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From Act I, scene 1:

Ay me! for aught that I could ever read,
Could ever hear by tale or history,
The course of true love never did run smooth.

Preach it, Lysander. And boy, did you set the tone for this play or what?

Things base and vile, folding no quantity,
Love can transpose to form and dignity.
Love looks not with the eyes, but with the mind,
And therefore is winged Cupid painted blind.

Nor hath Love's mind of any judgment taste;
Wings and no eyes figure unheedy haste.
And therefore is Love said to be a child,
Because in choice he is so oft beguiled.

Poor Helena. And not just because she speaks in rhymed couplets and iambic pentameter. She is truly pathetic, chasing Demetrius around when he wants nothing to do with her. Although in her defense, he did woo and win her before trying to discard her, so really, he had it coming. And yes, I'm now singing the song from Chicago. "He had it coming . . . "

From Act I, scene 2:

Francis Flute, the bellows-mender.

Here, Peter Quince.

Flute, you must take Thisbe on you.

What is Thisbe - a wandering knight?

It is the lady that Pyramus must love.

Nay, faith, let me not play a woman; I have a beard coming.

That's all one. You shall play it in a mask, and you may speak as small as you will.

An I may hide my face, let me play Thisbe too, I'll speak in a monstrous little voice. 'Thisne,
Thisne;' 'Ah, Pyramus, my lover dear! Thy Thisbe dear, and lady dear!'

No, no; you must play Pyramus: and, Flute, you Thisbe.

Well, proceed.

Gotta love Bottom. He's willing to play all parts. Even the lion. But on being told that were he to roar in a frightening manner they might all hang for it, he says "I will roar you as gently as any sucking dove; I will roar you, an ’twere any nightingale." That his statements make no sense is no disincentive to him when speaking.

. . . But, masters, here are your parts. And I am to entreat you, request you and desire you, to con them by to-morrow night and meet me in the palace wood, a mile without the town, by moonlight. There will we rehearse, for if we meet in the city, we shall be dogged with company, and our devices known. In the meantime I will draw a bill of properties, such as our play wants. I pray you, fail me not.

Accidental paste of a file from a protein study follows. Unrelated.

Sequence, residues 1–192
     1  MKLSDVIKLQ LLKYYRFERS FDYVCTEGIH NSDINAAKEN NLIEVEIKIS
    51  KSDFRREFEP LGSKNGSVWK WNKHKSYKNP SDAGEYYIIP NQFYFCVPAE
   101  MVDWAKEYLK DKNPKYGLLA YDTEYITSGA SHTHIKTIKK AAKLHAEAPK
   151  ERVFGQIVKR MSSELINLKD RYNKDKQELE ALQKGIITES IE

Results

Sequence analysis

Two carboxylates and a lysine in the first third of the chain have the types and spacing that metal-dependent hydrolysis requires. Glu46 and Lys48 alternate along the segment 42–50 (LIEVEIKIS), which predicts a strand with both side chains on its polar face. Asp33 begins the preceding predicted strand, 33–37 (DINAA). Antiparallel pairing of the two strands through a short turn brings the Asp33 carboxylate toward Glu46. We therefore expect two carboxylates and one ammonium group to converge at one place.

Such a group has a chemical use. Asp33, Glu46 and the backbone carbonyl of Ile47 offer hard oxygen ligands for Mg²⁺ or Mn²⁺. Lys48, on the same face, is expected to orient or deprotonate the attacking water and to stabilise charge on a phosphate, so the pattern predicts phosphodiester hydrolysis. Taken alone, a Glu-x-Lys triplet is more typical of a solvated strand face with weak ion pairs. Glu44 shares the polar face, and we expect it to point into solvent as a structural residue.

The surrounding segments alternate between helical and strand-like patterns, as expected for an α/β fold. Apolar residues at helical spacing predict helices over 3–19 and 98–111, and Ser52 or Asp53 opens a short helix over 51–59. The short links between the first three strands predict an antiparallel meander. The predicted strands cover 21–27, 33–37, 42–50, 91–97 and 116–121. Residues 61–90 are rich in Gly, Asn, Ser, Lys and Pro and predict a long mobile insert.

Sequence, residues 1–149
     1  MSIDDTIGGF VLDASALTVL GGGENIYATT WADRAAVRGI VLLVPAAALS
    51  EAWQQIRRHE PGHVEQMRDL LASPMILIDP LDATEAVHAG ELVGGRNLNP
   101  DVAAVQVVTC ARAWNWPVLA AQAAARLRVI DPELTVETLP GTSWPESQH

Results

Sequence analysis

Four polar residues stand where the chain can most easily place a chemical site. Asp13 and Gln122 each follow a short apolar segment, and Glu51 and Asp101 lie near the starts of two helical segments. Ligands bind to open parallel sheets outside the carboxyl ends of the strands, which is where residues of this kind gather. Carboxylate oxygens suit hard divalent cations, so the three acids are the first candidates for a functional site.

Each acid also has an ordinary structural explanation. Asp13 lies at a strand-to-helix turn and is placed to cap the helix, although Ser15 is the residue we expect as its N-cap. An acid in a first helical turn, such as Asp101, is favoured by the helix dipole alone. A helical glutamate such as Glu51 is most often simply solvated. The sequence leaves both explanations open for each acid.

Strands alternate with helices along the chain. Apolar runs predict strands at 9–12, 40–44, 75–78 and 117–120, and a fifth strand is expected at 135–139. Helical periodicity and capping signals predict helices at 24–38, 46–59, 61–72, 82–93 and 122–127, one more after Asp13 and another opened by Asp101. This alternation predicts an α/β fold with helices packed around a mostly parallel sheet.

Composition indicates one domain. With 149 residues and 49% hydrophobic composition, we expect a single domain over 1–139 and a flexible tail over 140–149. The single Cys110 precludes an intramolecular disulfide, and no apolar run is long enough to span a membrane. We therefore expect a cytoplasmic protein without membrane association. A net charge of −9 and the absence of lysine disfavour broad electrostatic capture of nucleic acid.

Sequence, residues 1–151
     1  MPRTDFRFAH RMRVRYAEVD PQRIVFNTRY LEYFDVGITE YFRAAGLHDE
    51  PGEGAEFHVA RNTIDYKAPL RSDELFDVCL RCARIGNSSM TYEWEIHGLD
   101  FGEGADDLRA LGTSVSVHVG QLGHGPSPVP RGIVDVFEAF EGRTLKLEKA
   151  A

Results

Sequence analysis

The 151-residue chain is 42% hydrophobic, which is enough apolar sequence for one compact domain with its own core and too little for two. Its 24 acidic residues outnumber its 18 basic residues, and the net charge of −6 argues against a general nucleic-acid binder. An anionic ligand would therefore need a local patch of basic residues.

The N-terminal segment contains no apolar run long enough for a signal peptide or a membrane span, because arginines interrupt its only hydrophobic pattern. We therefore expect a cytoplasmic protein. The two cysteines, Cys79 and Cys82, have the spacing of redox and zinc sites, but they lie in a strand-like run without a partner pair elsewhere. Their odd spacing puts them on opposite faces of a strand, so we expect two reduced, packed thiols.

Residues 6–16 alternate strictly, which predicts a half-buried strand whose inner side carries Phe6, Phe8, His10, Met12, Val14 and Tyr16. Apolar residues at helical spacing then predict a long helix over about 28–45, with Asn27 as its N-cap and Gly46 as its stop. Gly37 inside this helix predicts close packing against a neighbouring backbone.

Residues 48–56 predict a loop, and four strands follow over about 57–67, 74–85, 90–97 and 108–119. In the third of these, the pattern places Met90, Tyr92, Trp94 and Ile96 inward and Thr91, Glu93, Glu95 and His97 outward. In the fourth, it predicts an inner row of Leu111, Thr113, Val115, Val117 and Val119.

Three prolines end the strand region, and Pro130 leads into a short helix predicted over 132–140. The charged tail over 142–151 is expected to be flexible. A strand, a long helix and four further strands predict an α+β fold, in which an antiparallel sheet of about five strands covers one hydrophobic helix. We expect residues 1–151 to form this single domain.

We will meet; and there we may rehearse most obscenely and courageously. Take pains. Be perfect. Adieu.

At the duke's oak we meet.

Enough. Hold or cut bow strings.

Is it just me or does "Take pains. Be perfect. Adieu" remind others of Westley's "Good work. Sleep well. I'll most likely kill you in the morning"? Also, I am tempted to start saying that phrase at parting. That or "Hold or cut bow strings."

From Act II, scene 1:

Ill met by moonlight, proud Titania.

What, jealous Oberon? Fairies, skip hence.
I have forsworn his bed and company.

Tarry, rash wanton. Am not I thy lord?

Then I must be thy lady! But I know
When thou hast stolen away from Fairyland
And in the shape of Corin sat all day
Playing on pipes of corn and versing love
To amorous Phillida. Why art thou here,
Come from the farthest Steppe of India?
But that, forsooth, the bouncing Amazon,
Your buskined mistress and your warrior love,
To Theseus must be wedded, and you come
To give their bed joy and prosperity?

How canst thou thus for shame, Titania,
Glance at my credit with Hippolyta,
Knowing I know thy love to Theseus?
Didst thou not lead him through the glimmering night
From Perigouna, whom he ravishèd?
And make him with fair Aegles break his faith,
With Ariadne and Antiopa?

These are the forgeries of jealousy;
And never, since the middle summer's spring,
Met we on hill, in dale, forest or mead,
By pavèd fountain or by rushy brook,
Or in the beachèd margent of the sea,
To dance our ringlets to the whistling wind,
But with thy brawls thou hast disturbed our sport.
Therefore the winds, piping to us in vain,
As in revenge have sucked up from the sea
Contagious fogs, which, falling in the land,
Hath every pelting river made so proud
That they have overborne their continents.
The ox hath therefore stretched his yoke in vain,
The plowman lost his sweat, and the green corn
Hath rotted ere his youth attained a beard.
The fold stands empty in the drownèd field,
And crows are fatted with the murrain flock.
The nine-men's-morris is filled up with mud,
And the quaint mazes in the wanton green
For lack of tread are undistinguishable.
The human mortals want their winter here.
No night is now with hymn or carol blest.
Therefore the moon, the governess of floods,
Pale in her anger, washes all the air,
That rheumatic diseases do abound.
And thorough this distemperature we see
The seasons alter: hoary-headed frosts
Far in the fresh lap of the crimson rose,
And on old Hiems' thin and icy crown
An odorous chaplet of sweet summer buds
Is, as in mockery, set. The spring, the summer,
The childing autumn, angry winter, change
Their wonted liveries, and the mazèd world
By their increase now knows not which is which.
And this same progeny of evils comes
From our debate, from our dissension;
We are their parents and original.

I love Oberon's greeting, "Ill met by moonlight", as well as his next exchange: "Tarry rash wanton. Am not I thy lord?" So cocky. And I love that Titania blows him off, as she ought. Their exchanges regarding infidelities is pretty amusing, and I really like Titania's description of how the natural world is out of kilter because they are fighting.

My gentle Puck, come hither. Thou rememb'rest
Since once I sat upon a promontory
And heard a mermaid on a dolphin's back
Utt'ring such dulcet and harmonious breath
That the rude sea grew civil at her song